You can spend a lifetime hunting down soul music obscurities and championing the underdogs of R&B, but those dogged efforts will never change the fact that Aretha Franklin can sing circles around the lot of ‘em. Sure, you can argue that Bettye LaVette’s voice is grittier, Candi Staton’s more honeyed, or that Bettye Swann’s country-soul is more lonesome, and, given the circumstances and the song, you’d likely be right. Franklin, however, with her impeccable phrasing and churchy fire, with her emotional investment in a vocal’s equivalent of mise en scène, will always be the trump suit in soul’s deck—there’s a reason, after all, why she’s the Queen.
It’s easy to locate Franklin’s influence amongst the younger generations of singers, but at the same time, it’s obvious how far the divas-in-training have strayed from her lead. (The effect of other genre-dominating divas, e.g. Whitney Houston, is partly to blame for this, but that’s a whole ‘nother story.) The torch-bearing soul sisters of the new millennium—those who pander calculated bombasts for the likes of corporate radio and American Idol—have swollen Franklin’s technical deftness into scale-molesting acrobatics of cold distance. Franklin’s phrasing and interpretive daring aren’t products of technique alone; hers is a style that mixes procedure with gut reaction, punctuated by an endless queue of exclamations (Ooh! Yeah!), repeated words, and impulsive melodic shifts that suggest well-worn narratives behind the lyrical front. It’s almost as if singers have been reprogrammed to bludgeon us with indubitable skill instead of appealing to the more discreet aspects of our communicative nature.
It’s fascinating to hear the genesis of Franklin’s musical dialogue on an early demo version of “I Never Loved a Man the Way I Love You”. The song is sparsely performed (Franklin, at the piano, is accompanied only by bass and drums) and not yet immaculately arranged; the refrain’s melody hasn’t been perfected, nor has the titular line’s vocal been isolated from the instrumentation. It’s a shuffling, gospel-infected rendition of a song we know by heart, and yet Franklin’s investigation of its possibilities turns it into a completely new experience. Likewise, the original demo recording of “Dr. Feelgood (Love is a Serious Business)” is less urgent than the album’s fully arranged version, allowing room for Franklin to mull the words around in her mouth in order to find out how the dialogue can best be conveyed to an audience.
Those demos are a few of the many rarities available on Rhino’s new Rare & Unreleased Recordings from the Golden Reign of the Queen of Soul, a two-disc collection of demos, outtakes, alternate versions, and B-sides Franklin cut for Atlantic between the years of 1966-1974. Rare & Unreleased is an insightful addendum to Franklin’s greatest and most prolific period as an artist, and while its selections fail to outclass that period’s official releases, it offers some small gems and curiosities that underscore the strengths of their better-known counterparts.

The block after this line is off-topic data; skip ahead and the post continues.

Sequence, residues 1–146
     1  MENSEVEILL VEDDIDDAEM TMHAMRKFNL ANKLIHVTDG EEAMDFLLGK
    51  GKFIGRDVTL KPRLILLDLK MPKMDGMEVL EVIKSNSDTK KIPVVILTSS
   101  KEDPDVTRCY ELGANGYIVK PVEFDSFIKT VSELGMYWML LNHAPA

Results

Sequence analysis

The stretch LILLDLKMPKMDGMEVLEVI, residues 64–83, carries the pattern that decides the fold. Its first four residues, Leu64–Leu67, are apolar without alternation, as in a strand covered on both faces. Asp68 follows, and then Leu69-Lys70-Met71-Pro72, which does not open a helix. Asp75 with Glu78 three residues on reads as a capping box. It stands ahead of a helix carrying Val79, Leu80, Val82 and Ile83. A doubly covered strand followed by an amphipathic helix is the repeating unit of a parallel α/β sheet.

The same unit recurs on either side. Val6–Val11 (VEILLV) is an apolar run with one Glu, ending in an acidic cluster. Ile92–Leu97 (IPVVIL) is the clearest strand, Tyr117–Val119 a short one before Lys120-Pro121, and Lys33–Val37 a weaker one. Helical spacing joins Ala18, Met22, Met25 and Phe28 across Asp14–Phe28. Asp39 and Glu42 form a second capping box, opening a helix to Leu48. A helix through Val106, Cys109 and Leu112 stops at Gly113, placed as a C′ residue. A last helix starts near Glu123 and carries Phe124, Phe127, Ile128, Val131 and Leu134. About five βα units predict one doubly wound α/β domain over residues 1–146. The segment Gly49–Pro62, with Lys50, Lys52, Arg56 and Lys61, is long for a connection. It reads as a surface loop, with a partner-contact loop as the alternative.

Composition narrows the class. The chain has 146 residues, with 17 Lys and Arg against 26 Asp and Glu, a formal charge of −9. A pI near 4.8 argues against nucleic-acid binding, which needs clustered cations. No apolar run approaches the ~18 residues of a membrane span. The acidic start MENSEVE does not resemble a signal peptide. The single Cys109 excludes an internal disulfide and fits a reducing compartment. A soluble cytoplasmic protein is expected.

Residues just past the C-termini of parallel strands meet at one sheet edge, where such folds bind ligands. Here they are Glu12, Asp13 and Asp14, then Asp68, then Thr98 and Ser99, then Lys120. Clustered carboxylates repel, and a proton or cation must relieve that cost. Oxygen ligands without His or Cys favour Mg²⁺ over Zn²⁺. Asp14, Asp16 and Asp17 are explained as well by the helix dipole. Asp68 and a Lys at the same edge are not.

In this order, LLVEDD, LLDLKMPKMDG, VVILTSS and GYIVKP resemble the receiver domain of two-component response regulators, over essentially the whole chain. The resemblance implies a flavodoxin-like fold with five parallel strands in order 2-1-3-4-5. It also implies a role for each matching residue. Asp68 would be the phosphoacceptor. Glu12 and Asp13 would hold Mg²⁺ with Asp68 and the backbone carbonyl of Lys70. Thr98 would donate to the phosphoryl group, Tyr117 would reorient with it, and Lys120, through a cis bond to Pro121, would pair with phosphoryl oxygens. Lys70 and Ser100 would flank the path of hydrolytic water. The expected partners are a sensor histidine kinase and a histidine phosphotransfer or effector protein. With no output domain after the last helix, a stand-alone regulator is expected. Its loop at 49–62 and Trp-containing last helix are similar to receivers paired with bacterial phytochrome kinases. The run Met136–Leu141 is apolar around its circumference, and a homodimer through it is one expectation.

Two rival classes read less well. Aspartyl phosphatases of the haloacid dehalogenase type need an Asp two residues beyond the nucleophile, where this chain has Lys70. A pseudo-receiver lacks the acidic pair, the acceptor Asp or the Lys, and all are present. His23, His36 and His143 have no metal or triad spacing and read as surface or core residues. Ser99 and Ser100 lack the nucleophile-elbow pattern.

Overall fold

Franklin’s ability to personalize and structurally transform the songs of others comes through on her interpretations of Paul Anka’s “My Way” (a display of passionate resolve without the sentimentality), Holland-Dozier-Holland’s “You Keep Me Hangin’ On” (in which organ and a reconfigured melody turn a strict pop-march into a funky dish), and Paul McCartney’s “The Fool on the Hill”. The latter is an intriguing experiment gone awry; Franklin’s churched-up rhythms collide with the seasick movements of McCartney’s melody in a manner too awkward for pop music. (Franklin covered a lot of McCartney in the late ‘60s, and fared better with more soul-friendly material like “Let It Be” and “Eleanor Rigby”.) Other highlights include “So Soon”, an outtake from the Aretha Arrives sessions with a near-breathless vocal take that speaks to the heartache of the lyric, “Talk to Me, Talk to Me”, a jazzy Soul ‘69 outtake in which Franklin phrases her lines like her idol Sam Cooke, and “I Need a Strong Man”, an outtake from the Young, Gifted, and Black record that puts gospel stride in some wah-wah pants.
The surplus of ballads on Disc one is somewhat problematic—that’s not to say Franklin isn’t a great singer of ballads (listen to how she lets loose atop the simmering tempo of a song like “The Letter”), but the sequencing can make for a sluggish listening experience at times. Perhaps even more problematic, however, is Disc two’s abundance of later disco-adjacent material from albums like the 1973 Quincy Jones-produced Hey Now Hey (The Other Side of the Sky) (represented by a whopping eight outtakes) and 1974’s Let Me in Your Life. The songs aren’t awful (though we could do without another cover of Leonard Cohen’s “Suzanne”) and are quite nearly redeemed by “Ain’t but the One”, an extended gospel rave-up with Ray Charles, but their gloss and pop-world assimilation can’t match the sense of discovery sparked by the earlier recordings. In those better moments, she isn’t just playing the part of the best, she’s defining it.